I'm creating this thread to organize the post-mortem analysis of the Running Numbers problem. Please put any new post-mortems here. If you want to go over Maze of Life and Consecutive Primes, please create similar threads in their respective forums.

Several contestants have already put their post-mortems in another thread. I will include them here by reference:

vdave got things started by describing his lookup table to break the 2 SSE instruction barrier.
lazydodo used a static lookup table to see if a potential solution was within the next 36 adds.
smayne's approach involved a mask of unmodified LSB's to see if the next 36 steps could be skipped.
jmfernandez's algorithm selected a candidate byte. He had other pending improvements.
duncanhopkins went with a batch approach, breaking the work up into 512*37 cycle sections.
VoVanx86 described his parity test for skipping 36 cycles ahead.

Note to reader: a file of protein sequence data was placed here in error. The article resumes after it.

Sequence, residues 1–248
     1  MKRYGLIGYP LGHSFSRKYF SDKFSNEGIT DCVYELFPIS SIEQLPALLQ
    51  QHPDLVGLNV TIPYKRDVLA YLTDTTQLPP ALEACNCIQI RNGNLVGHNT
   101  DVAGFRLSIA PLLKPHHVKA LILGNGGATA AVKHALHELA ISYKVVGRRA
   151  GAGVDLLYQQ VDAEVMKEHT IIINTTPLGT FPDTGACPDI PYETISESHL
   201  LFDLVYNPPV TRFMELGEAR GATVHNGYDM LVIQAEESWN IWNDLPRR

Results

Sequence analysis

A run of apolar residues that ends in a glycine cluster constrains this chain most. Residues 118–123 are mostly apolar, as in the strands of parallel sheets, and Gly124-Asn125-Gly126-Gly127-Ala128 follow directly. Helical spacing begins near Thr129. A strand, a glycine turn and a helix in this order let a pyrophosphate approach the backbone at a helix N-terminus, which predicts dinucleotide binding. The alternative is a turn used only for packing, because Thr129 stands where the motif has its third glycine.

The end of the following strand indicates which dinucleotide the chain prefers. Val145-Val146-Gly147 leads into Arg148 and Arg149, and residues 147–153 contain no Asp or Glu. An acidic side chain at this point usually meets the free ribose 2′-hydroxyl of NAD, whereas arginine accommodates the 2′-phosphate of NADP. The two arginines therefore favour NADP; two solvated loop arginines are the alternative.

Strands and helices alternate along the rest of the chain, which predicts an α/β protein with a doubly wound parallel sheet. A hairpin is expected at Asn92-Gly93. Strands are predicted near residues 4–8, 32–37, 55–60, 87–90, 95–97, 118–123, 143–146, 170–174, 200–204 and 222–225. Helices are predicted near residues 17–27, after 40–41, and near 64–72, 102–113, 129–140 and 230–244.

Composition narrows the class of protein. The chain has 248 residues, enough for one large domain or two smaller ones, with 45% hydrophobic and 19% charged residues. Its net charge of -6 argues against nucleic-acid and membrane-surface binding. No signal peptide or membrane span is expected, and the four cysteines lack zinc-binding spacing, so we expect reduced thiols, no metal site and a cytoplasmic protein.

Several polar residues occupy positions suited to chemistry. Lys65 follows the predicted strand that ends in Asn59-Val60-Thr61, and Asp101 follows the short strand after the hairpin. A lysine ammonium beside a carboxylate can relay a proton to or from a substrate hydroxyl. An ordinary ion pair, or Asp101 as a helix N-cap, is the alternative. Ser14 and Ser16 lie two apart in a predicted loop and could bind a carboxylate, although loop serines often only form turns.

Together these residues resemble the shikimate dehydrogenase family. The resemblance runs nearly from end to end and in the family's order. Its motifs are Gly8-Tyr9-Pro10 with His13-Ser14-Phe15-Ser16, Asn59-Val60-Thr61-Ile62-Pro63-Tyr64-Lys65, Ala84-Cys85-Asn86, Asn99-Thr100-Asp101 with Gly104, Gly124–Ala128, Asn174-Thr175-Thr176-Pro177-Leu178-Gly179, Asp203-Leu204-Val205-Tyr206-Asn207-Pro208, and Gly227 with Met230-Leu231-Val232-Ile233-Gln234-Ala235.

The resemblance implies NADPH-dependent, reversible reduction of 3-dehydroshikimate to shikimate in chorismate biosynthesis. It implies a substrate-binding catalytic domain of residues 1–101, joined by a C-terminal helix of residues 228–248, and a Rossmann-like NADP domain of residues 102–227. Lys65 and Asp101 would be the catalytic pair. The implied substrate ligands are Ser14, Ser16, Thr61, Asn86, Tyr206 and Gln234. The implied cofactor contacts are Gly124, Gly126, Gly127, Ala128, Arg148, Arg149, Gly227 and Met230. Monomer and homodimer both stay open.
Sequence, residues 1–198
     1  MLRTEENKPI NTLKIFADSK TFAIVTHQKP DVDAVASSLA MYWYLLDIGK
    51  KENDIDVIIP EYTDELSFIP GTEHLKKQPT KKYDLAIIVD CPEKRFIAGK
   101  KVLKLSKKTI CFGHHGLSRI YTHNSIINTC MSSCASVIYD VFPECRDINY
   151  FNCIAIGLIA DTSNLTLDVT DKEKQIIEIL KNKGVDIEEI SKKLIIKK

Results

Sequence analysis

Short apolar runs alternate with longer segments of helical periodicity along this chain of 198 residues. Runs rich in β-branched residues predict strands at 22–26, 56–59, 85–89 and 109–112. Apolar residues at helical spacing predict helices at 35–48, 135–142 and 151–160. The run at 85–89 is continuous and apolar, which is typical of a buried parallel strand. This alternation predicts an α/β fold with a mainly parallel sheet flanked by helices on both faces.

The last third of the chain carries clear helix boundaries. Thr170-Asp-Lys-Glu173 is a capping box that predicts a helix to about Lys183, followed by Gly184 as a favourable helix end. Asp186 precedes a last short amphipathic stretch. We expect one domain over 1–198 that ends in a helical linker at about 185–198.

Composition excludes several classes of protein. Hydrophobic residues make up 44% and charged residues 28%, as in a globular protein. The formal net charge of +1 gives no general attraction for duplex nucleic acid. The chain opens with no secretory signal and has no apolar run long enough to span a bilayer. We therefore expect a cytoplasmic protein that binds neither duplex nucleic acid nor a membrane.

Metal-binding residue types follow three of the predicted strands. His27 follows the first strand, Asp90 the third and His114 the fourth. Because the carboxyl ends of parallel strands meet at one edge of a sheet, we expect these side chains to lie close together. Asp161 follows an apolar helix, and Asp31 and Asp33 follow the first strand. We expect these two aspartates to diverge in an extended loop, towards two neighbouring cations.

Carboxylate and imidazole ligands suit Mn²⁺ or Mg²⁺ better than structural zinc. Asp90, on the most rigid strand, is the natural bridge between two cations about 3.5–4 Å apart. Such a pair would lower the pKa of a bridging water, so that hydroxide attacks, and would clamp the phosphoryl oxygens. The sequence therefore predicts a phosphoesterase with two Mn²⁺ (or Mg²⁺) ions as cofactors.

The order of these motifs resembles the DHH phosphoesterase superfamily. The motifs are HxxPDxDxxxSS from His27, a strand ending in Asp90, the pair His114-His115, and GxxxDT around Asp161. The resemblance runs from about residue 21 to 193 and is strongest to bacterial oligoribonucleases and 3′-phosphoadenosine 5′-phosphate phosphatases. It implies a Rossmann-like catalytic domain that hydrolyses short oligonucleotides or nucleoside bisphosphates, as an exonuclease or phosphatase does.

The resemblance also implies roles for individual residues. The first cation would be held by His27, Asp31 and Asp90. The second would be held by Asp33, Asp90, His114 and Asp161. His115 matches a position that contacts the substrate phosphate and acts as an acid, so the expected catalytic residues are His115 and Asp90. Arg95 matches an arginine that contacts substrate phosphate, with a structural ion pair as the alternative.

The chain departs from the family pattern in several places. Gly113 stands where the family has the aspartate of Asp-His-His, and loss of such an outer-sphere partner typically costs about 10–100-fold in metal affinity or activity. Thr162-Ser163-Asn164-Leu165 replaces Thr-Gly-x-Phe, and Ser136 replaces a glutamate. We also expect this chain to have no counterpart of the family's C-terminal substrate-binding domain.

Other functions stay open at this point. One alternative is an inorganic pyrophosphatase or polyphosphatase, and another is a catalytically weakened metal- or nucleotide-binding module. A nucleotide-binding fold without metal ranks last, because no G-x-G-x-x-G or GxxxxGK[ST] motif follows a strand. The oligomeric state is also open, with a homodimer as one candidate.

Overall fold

Let me know if I missed anything and I will edit this post. My own post-mortem will be forthcoming is below.

- Rick

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I posted my Post-mortem's of the The Maze of Life and Consecutive Primes in the appropiate subforums should be interesting to see what other people did on these problems, especially curious to hear jmfernandez' maze of life insights, he may have been 'only' third there but he completly dominated that round in pure speed! (imho way too many bonus points were given for shortest answers and forum posts, based on pure speed the top 3 was jmfernandez, yoink and dotcsw but hey its intel's contest, they can do whatever they want :) )